A federal appeals court on Thursday upheld a ruling that blocked a California law that would have forced businesses to give paid leave to employees in the event of a medical emergency.
The 9th U.S. Circuit Court of Appeals in Sacramento upheld a lower court ruling that struck down a measure signed into law by Gov.
Jerry Brown that would require employers to provide at least six weeks of paid leave for every new job created.
The ruling was a blow to state and federal workers, who had hoped to see a change in state law that they say prevents employers from retaliating against employees for taking time off.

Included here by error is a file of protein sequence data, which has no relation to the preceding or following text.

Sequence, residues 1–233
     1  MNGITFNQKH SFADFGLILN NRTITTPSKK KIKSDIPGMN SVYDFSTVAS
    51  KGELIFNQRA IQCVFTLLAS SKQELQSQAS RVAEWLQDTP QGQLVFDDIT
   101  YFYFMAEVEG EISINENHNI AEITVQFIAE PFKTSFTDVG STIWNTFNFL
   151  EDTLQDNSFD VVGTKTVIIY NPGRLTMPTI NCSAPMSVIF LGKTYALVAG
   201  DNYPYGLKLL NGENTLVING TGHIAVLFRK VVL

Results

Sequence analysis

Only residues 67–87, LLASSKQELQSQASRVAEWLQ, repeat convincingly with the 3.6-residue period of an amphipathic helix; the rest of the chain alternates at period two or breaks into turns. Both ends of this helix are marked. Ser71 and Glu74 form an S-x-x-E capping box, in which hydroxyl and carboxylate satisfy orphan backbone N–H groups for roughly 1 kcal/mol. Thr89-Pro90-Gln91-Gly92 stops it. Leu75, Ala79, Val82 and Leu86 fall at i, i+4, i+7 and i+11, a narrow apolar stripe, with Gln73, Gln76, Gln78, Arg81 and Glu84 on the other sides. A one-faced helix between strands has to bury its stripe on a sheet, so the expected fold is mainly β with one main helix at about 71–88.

Under the measure, businesses could have up to six weeks off for a medical condition or accident.
It also would have allowed employees to opt out of a pay raise, if they so chose.
The California Labor Commissioner, who wrote the legislation, said the measure would have had an impact on a large number of employers.
California’s Labor Commissioner is the state’s top administrative official, and her office has defended the law as a way to help employees with their health issues and the state budget.